Why buy-now-pay-later financing is so attractive

·2 min read

Buy-now-pay-later, or BNPL, is one of the fastest-growing areas of finance.

Why it matters: The biggest player in the space, Klarna, on Thursday announced that it has raised $639 million at a valuation of $45.6 billion — an astonishing quadrupling in value in just eight months.

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  • For decades, credit cards have been the only practical way to borrow money to pay for big-ticket items that aren't quite as expensive as a car. Consumers liked credit cards for their convenience — and banks liked them for their high-interest rates. Now, finally, those cards have a competitor.

By the numbers: Klarna reported that its number of American customers is up 118% year over year; in the first quarter, it had $18.1 billion of transaction volume, mostly in Europe.

  • Afterpay, its largest competitor, saw volume of $4 billion in the quarter, while Affirm had $2.3 billion.

Those numbers are tiny compared to credit card volumes, which means that potential growth remains enormous. Mastercard, Visa and American Express between them had $3.5 trillion of volume on their credit cards in 2020, just in the USA.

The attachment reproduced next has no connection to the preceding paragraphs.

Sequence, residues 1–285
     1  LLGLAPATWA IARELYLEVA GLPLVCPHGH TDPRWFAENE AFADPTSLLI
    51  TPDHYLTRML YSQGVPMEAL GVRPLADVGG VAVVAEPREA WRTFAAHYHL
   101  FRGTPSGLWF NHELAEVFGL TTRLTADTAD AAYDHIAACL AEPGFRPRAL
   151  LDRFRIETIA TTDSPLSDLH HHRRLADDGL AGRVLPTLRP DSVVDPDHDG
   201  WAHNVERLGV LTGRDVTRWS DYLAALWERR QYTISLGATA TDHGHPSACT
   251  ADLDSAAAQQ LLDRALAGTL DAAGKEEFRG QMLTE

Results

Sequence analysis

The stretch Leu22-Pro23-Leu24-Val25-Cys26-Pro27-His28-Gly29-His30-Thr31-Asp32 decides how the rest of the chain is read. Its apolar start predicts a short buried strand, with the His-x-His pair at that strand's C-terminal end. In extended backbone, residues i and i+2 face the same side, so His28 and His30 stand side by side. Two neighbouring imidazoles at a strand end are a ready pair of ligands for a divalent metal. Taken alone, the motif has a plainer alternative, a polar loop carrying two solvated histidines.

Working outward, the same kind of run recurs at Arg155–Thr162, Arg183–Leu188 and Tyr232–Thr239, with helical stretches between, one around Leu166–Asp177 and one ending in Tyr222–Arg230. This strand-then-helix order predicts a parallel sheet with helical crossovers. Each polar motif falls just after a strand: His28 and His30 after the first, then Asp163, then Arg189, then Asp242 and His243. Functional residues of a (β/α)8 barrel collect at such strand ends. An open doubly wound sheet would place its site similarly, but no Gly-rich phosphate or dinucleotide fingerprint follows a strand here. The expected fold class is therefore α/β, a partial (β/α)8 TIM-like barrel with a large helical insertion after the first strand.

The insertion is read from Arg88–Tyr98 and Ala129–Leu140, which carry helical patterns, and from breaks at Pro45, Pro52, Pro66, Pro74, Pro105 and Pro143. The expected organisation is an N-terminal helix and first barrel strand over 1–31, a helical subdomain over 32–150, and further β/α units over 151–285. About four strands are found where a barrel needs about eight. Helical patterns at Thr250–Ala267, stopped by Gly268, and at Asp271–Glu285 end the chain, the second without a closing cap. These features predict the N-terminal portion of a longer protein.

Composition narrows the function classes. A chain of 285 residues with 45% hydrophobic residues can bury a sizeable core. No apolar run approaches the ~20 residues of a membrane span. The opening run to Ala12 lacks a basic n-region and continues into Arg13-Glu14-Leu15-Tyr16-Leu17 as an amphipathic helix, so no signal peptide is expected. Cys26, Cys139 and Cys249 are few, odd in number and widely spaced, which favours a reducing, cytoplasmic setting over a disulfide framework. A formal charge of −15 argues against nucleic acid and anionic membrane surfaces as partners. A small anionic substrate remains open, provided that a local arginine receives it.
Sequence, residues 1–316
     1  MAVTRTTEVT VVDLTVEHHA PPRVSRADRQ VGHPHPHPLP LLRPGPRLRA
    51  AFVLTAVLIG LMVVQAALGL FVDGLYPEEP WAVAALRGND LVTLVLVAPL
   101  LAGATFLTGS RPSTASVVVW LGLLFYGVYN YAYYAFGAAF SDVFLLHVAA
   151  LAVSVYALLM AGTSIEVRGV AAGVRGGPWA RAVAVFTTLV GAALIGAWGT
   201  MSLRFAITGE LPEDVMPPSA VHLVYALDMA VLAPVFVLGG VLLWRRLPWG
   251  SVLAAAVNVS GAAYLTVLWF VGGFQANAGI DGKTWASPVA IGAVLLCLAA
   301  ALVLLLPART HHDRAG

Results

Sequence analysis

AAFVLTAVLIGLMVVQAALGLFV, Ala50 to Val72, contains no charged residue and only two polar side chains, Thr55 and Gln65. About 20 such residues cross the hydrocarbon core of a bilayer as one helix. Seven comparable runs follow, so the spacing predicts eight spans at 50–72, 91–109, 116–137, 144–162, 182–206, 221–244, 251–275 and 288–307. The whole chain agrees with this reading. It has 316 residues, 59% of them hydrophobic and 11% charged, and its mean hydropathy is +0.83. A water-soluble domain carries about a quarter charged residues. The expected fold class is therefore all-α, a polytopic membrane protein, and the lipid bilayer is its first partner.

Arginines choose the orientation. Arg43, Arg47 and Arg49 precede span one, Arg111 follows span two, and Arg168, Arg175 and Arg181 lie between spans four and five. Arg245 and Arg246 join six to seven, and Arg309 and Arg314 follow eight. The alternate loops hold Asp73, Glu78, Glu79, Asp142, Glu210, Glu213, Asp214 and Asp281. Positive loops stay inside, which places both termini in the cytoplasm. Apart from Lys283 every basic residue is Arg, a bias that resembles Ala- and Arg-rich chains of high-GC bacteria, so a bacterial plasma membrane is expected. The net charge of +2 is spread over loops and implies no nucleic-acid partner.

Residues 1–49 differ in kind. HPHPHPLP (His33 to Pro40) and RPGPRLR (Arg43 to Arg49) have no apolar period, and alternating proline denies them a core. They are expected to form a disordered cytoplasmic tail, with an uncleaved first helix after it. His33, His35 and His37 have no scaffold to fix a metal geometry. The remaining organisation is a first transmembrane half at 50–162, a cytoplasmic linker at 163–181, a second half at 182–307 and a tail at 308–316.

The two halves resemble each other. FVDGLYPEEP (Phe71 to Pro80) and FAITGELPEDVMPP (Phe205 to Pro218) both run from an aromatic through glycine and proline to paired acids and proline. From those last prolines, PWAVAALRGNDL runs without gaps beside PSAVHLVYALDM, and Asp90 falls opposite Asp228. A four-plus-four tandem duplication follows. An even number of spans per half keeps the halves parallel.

The big picture: BNPL has clear advantages, for consumers, compared to credit cards.

  • It's often offered by merchants as a way to buy items interest-free.

  • It's easy to use BNPL only for major purchases, and not for day-to-day spending.

  • In the cases where you do pay interest, it doesn't compound as it does on credit cards.

How it works: Whenever you pay for an item on a credit card, you then have to pay interest on that purchase unless you make sure to pay off your credit card in full at the end of the month.

  • With BNPL, you're never defaulted to making interest payments. Either there's no interest at all, or else the interest rate is clearly stated upfront.

The bottom line: BNPL will never be as profitable as credit cards. But that hasn't stopped founders like Klarna's Sebastian Siemiatkowski from becoming billionaires.

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